Katja Altpeter-Jones is associate professor of German at Lewis & Clark College. Her research focusses on medieval and early modern German literature. She has published on the Middle High German love and adventure novel Flôre und Blanscheflûr by Konrad Fleck, on the early modern figure of the she-man, and on female healers in Gottfried von Straßburg’s Tristan. She is particularly interested in the intersection of discourses of love and violence in medieval and late medieval literature and is currently preparing a monograph titled Love Hurts: Love and Violence in Medieval and Late Medieval German Texts.
Adam W. Darlage completed his studies at the U of Chicago and is currently an instructor of history and philosophy at Oakton Community College (Des Plaines. IL). A historian of Reformation Europe with interests in controversial literature, Anabaptism, and Christian communalism, he has published articles in a number of peer-reviewed journals, including Church History, The Catholic Historical Review, and Renaissance et Réforme. He is currently working on a book project based on his dissertation, in which he explores Catholic controversial literature directed against Protestants and Anabaptists in the Margraviate of Moravia during the late sixteenth century.
Marjanne E. Goozé is associate professor of German Studies at the U of Georgia where she specializes in German literature from the late eighteenth century to the present with a particular focus on German women writers, the Berlin salonnières, Jewish-German writers, Holocaust narratives, personal narratives, and feminist criticism. She is the author of articles and book chapters on Henriette Herz, the Berlin Salon, Bettina von Arnim, Karoline von Günderrode, Rahel Varnhagen von Ense, Hölderlin, Wilhelm von Humboldt, Karl Emil Franzos, Franz Kafka, Christa Wolf, and Jeannette Lander. She has translated (with Jeannine Blackwell) the memoirs of Henriette Herz and published on feminist autobiography theory. With Anne Brown, she is the coeditor of the volume: International Women’s Writing: New Landscapes of Identity. She is the editor of the book Challenging Separate Spheres: Female Bildung in Eighteenth and Nineteenth-Century Germany.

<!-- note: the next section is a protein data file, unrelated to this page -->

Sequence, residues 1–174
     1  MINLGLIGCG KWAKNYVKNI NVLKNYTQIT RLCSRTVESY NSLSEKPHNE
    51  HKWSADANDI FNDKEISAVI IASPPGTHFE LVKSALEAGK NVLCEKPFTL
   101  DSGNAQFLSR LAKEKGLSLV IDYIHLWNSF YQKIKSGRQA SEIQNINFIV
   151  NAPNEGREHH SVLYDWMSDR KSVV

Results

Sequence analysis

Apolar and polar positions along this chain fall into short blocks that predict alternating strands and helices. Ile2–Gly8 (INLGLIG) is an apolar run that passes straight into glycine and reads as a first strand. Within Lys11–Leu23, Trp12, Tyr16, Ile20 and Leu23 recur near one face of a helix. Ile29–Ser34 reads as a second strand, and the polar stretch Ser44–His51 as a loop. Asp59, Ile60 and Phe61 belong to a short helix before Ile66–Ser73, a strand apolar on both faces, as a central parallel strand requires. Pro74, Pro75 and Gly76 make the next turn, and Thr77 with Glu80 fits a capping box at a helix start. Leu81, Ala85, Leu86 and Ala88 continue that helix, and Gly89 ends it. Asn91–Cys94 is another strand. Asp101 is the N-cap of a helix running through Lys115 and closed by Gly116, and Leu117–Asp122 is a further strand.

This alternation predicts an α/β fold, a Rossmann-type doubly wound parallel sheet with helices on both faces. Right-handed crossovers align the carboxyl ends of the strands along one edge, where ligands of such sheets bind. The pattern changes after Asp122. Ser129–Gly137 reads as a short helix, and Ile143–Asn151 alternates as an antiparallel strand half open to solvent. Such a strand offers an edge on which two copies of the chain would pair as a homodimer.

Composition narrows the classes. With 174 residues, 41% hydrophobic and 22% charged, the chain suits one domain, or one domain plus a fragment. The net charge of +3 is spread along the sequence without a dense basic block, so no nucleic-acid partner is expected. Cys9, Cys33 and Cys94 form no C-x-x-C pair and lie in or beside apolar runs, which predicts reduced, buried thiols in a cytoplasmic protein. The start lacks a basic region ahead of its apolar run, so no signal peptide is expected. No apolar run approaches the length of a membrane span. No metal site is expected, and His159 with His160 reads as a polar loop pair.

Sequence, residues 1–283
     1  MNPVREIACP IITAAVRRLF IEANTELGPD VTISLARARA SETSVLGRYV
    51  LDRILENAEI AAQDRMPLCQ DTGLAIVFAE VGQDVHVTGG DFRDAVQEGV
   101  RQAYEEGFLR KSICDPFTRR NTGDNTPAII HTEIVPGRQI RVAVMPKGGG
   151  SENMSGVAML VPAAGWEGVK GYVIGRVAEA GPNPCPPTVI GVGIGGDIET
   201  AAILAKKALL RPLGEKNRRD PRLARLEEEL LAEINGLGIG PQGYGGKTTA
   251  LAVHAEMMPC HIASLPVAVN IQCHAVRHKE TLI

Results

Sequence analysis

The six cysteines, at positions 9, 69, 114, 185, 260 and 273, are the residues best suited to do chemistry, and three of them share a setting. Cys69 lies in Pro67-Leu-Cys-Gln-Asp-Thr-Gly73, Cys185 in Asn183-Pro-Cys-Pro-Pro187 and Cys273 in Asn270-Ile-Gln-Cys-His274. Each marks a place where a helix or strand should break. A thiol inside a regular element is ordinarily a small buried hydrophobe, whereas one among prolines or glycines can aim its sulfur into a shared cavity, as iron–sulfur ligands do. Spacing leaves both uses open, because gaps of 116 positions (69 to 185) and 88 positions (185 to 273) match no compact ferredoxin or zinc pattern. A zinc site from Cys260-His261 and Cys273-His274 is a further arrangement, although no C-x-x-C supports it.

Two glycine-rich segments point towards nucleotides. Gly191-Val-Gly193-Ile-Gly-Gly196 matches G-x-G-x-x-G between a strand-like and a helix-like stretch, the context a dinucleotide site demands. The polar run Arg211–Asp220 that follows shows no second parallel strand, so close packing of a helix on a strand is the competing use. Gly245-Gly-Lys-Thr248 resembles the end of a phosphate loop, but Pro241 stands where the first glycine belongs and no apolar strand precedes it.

Robert Gould is adjunct research professor in both the School of Linguistics and Language Studies and the Institute of European, Russian and Eurasian Studies at Carleton U, Ottawa, where he is also associate director of the Centre for European Studies. Since 2000 he has been researching and publishing on politicians’ on-the-record statements concerning immigration and national identity in a range of EU countries, including Austria, Belgium, France, Germany, Latvia, and the United Kingdom – plus Switzerland. [End Page 413]
Elisabeth Herrmann joined the U of Alberta as DAAD associate professor of German and Scandinavian literatures and cultures in 2006. Her areas of expertise are German and Scandinavian Literatures and Cultures from the eighteenth to the twenty-first century, with a special focus on the Enlightenment, the age of Goethe, contemporary literature, transmediality, cultural transfer, and the literary reflection of migration in Europe after 1990. She has published several books and articles on collective identities, cultural memory, transnational literature, migration, and gender. She is coeditor of Entwicklungen in der deutschschprachigen Gegenwartsliteratur und Medien nach 1989 (with Carsten Gansel and Paweł Zimniak). Together with Chantal Wright, she is working on a book project entitled Reconceptualizing World Literature for the Twenty-first Century.
Marike Janzen is assistant professor of Humanities at the U of Kansas, and coordinator of the Peace and Conflict Studies program. She has published on Anna Seghers in German Quarterly and Comparative Literature. She is a coeditor of the book Bodies and Culture: Discourses, Communities, Representations, Performances (Cambridge Scholars, 2012). Her current project, expanding on her dissertation in comparative literature, is a book on leftist authorship in the Cold War and after, as practiced and thematized by German and Latin American writers.
Lucinda Martin is an associate research fellow at the Center of Excellence Enlightenment-Religion-Knowledge at the Martin Luther U Halle-Wittenberg in Germany. She has published on religion and gender in the seventeenth and eighteenth centuries, as well as on issues of contemporary language policy and cultural rights. Her book on the role of women in German Pietism is set to be published by Johns Hopkins Press.
Arvi Sepp studied German and English...